What You Should Know About Acquisition Financing
Are you contemplating acquiring another business? If you already own a business and are looking to expand your business through acquisition, the right business acquisition depends on your business, the business being acquired, and the status of both businesses with respect to their cycle.
Acquisitions have become increasingly common as a way to expand your current business, gain market share, or enter into new related or adjacent business segments. In 2020, there were over 10,000 mergers and acquisitions (M&As) executed among U.S. businesses, with more than a thousand of those transactions valued at $100k or more.
While you can always use your business’s own capital to acquire another business, there are many reasons you may prefer to seek financing for it. In such a situation, acquisition financing is an option you might choose to pursue. What is acquisition financing, and how does it work?
What Is Acquisition Financing?
Acquisition financing is the process of obtaining capital from an investor or financial institution for the purpose of acquiring another business.
Acquisitions, of course, typically involve the purchase of equity. To acquire another business, your business must purchase equity, usually a majority stake, in the target business. Acquisition financing will provide your business with the necessary cash or credit to facilitate this purchase and, thus, execute the acquisition.
Acquisition Financing Options
If you haven’t already taken advantage of acquisition financing to acquire a business in the past, you might be wondering how acquisition financing works. It’s similar to other forms of business financing; the only real difference is that acquisition financing is designed specifically to facilitate the acquisition of another business. You must use either cash, credit, or a combination of both to purchase equity in the target business.
While acquisition financing is characterized by its purpose — to acquire another business — there are several forms that such financing can take.
Acquisition Term Loan
One of the most common options is an acquisition term loan. An acquisition term loan is a debt-based financing vehicle that’s used for acquisitions. You can obtain an acquisition loan from a bank or alternative lender. With this loan, you can facilitate the acquisition of another business.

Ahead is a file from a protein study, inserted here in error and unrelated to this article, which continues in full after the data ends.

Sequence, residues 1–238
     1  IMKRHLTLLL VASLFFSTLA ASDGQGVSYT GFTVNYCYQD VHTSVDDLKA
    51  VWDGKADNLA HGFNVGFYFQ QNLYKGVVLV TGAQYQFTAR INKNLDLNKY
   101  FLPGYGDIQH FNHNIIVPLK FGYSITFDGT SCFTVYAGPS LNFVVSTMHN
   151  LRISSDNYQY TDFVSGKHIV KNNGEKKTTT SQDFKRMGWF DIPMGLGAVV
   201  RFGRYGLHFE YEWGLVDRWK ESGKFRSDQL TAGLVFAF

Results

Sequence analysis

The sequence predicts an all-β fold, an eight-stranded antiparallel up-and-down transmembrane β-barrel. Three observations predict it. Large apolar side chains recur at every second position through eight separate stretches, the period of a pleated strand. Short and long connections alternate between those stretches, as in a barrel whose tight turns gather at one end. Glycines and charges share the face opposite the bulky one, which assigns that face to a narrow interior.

These loan terms are tailored to the transaction to allow you to purchase the business while matching the debt structure and repayment terms to the specific characteristics of the combined companies post-transaction.
Loan terms will vary based upon the cash flow of the business(s), the industry, collateral available, funded debt to EBITDA, and other elements specific to your situation. The end result should be a debt structure that does not over-lever the newly combined companies.
It is typically a good idea to have an operating line of credit, guidance line, or both in place to accompany your acquisition financing.
Operating Line of Credit
An operating line of credit is another type of debt vehicle that allows you to freely draw money as needed. Acquisitions often have unexpected expenses, and with a line of credit, you’ll have an easier time covering the costs of any unexpected expenses. You can draw money from the line of credit while paying it back at any time.
Guidance Line of Credit
A guidance line of credit acts as a documented “preapproval” to finance a larger purchase. Each draw becomes its own term note with predetermined repayment terms. This can be useful specifically in assets-heavy companies or other scenarios where you may need to acquire higher dollar equipment to maintain the company or position them for growth.
Other Acquisition Financing Options
In some situations, securing financing is difficult. This is often the case when attempting to finance the purchase of a company that has low cash flow but a high proportion of receivables, for instance. In that case, there are other options.
Small Business Administration Loans
If you meet the Small Business Administration’s (SBA) standards for net worth, average net income, and overall loan size, you may be able to acquire a loan through the SBA 7(a) loan program with a down payment as low as 10%.
As an alternative to procuring funding through a bank or private lender, some businesses choose to sell bonds on the open market. While this approach lacks the structure of a traditional financing approach, it also allows for more freedoms than the rules a bank might enforce.
Acquisitions are often a smart strategic move, allowing you to acquire another business’ resources, infrastructure, customer base, and talent pool. Acquisition financing is an excellent option way to leverage your current resources to expand your business without spending too much of your liquid funds in the process.